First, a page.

Evidence-Based Dialogue Mapping for Teenagers

KMi’s Compendium tool supports rapid visual mapping of dialogues and debates through a mix of visual language, tagging and hypermedia structuring. With a track record of use in the workplace, we are now beginning to build evidence of its potential for critical thinking in schools.

With >40,000 downloads and an annual workshop, KMi supports an active Compendium user community (and a growing developer group). It has found application primarily, although not exclusively, in the workplace, the tool of choice for many information analysts and facilitators of collective sensemaking. But could we demonstrate that younger users would embrace its visual language and the extra rigour of thinking that argument mapping requires?

In an exciting workshop led by Ale Okada, a Research Fellow in the Hypermedia Discourse research programme, teenagers judged by their schools to be “gifted and talented” attended a science summer school, and were taught how to map and structure their reasoning about the impact of climate change on the UK. The results are summarised in a new article, and represent the first step in our programme to introduce the next generation to visual, network-centric thinking, a literacy that we think will become increasingly important.

Okada, A. and Buckingham Shum, S. (2008). Evidence-Based Dialogue Maps as a Research Tool to Investigate the Quality of School Pupils’ Scientific Argumentation, International Journal of Research and Method in Education, 31(3), pp. 291–315 (Special Issue: Coffin, C. and O’Halloran, K.A, (Eds.) Researching Argumentation in Educational Contexts: New Methods, New Directions). Article PrePrint: http://oro.open.ac.uk/11773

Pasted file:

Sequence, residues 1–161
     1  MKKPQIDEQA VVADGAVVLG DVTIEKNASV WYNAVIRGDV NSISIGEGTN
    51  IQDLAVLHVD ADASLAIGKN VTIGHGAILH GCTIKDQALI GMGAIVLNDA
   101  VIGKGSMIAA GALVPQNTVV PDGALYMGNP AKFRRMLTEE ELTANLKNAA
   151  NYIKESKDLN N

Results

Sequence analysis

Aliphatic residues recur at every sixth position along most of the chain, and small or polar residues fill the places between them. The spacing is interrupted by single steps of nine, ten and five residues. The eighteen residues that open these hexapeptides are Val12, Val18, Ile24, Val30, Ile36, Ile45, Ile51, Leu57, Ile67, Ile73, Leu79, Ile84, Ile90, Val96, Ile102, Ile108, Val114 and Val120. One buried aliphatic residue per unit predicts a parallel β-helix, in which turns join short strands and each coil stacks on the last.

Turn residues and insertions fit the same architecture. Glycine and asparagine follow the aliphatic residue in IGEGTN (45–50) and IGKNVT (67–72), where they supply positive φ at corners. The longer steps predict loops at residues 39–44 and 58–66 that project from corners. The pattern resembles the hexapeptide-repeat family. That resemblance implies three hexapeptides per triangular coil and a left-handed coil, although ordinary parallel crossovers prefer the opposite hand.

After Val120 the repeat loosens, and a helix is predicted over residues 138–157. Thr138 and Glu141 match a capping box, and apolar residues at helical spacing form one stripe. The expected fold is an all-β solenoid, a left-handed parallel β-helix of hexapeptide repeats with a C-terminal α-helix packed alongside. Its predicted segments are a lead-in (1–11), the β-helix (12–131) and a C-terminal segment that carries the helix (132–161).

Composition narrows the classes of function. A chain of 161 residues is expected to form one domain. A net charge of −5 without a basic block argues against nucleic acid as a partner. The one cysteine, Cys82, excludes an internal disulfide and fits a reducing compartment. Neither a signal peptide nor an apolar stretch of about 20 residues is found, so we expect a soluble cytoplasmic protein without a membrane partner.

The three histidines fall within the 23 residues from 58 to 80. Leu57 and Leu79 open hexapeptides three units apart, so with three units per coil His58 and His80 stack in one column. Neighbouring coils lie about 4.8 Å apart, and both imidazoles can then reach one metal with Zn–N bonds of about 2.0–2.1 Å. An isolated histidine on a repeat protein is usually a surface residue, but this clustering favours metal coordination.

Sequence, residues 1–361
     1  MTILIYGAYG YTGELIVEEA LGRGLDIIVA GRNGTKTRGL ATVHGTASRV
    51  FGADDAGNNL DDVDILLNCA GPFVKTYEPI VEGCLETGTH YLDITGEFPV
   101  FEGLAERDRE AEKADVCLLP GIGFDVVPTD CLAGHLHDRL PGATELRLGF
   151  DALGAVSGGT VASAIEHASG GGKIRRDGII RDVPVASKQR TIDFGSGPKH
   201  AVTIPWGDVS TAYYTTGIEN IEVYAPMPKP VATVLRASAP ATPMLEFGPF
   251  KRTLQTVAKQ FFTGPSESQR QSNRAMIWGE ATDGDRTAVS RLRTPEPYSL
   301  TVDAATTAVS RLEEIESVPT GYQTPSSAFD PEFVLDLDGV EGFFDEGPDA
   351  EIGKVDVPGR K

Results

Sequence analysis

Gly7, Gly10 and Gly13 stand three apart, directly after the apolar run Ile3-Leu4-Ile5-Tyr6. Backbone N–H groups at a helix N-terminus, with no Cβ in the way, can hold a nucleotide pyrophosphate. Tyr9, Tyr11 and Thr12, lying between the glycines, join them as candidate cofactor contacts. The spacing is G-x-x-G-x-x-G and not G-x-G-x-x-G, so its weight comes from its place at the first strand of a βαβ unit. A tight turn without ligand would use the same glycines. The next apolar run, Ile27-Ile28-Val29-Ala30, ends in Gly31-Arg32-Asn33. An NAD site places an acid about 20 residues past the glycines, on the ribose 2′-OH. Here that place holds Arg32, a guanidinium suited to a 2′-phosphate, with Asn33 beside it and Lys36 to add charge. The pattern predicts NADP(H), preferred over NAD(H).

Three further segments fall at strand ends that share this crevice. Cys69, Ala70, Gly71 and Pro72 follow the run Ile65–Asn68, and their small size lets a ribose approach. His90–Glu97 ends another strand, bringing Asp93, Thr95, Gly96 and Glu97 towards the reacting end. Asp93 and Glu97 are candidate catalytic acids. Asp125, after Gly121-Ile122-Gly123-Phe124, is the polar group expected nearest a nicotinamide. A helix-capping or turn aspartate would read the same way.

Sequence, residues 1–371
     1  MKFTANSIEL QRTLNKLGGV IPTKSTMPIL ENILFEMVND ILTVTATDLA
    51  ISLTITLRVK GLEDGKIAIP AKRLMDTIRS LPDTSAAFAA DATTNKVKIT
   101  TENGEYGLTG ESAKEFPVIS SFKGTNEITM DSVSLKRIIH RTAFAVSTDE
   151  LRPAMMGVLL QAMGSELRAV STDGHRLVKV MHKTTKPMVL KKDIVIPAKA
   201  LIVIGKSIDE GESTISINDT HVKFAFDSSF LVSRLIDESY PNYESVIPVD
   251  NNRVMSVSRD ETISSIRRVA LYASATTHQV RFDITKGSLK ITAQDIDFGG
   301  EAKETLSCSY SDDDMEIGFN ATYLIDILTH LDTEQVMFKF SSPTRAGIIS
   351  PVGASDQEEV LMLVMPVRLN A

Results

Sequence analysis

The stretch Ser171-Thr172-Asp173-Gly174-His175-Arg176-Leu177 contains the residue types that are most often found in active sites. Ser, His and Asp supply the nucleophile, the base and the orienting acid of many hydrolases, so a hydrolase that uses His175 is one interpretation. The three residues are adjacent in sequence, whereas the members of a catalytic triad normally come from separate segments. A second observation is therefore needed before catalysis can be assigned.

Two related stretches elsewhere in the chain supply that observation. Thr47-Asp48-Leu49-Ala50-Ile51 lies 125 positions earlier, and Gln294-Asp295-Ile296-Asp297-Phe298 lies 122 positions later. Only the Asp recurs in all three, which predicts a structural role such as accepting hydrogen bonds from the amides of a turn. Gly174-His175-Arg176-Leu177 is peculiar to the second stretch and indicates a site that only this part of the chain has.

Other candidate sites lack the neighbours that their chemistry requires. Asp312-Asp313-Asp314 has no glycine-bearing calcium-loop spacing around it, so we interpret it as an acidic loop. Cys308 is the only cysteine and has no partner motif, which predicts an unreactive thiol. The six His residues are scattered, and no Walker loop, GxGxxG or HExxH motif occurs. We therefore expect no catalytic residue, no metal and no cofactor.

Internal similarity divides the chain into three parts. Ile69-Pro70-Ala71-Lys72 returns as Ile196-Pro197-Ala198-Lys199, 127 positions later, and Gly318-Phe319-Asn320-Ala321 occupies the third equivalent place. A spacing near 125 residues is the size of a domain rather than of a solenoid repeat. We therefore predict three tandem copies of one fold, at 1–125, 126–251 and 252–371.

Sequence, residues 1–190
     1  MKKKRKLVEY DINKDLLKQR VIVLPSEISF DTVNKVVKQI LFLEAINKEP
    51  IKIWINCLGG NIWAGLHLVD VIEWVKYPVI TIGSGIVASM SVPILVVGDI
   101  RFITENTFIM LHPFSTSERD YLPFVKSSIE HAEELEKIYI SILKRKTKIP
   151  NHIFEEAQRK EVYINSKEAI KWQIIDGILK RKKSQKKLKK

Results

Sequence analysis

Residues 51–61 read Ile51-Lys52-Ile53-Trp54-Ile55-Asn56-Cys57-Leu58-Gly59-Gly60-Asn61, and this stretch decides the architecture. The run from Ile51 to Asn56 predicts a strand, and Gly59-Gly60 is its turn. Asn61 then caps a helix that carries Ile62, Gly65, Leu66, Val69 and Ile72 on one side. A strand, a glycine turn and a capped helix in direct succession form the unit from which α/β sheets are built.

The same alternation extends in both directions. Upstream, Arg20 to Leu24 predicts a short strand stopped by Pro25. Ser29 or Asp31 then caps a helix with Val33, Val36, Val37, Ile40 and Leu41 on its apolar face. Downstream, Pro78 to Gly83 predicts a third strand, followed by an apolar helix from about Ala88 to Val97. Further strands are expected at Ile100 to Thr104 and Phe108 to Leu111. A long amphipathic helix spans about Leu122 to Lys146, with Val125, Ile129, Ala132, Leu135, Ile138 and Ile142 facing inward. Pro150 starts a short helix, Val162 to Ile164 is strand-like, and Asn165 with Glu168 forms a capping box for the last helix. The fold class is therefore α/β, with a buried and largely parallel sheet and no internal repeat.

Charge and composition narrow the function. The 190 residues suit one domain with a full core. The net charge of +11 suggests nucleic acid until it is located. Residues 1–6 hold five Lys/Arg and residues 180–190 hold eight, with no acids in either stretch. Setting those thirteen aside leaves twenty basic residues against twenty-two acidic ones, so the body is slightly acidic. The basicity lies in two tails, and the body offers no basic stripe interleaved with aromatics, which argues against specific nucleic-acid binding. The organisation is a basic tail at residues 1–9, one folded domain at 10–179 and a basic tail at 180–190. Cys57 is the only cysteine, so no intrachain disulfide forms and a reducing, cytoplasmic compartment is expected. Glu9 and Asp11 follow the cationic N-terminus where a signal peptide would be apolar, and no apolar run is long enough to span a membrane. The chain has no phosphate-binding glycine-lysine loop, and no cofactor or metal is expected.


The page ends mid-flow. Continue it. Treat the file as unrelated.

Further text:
2 Responses to “Evidence-Based Dialogue Mapping for Teenagers”

  1. […] people to learn to deliberate and argue critically by making that thinking visible is reported in Evidence-Based Dialogue Mapping for Teenagers, Researching Argumentation in Educational Contexts, Knowledge Cartography, Arguing to Learn, and by […]

  2. […] It was a rapid prototype knocked up on the fly, to indicate how we might develop the approach more systematically into sets of templates and tags to scaffold a team engaged in collaborative design of an enquiry project, but it seemed to work as an object to think with, and I look forward to exploring its potential further, since several people were enthusiastic. (Can Compendium be used to engage young people, not just adults planning activities for them? Yes!… examples 1/2/3/4) […]

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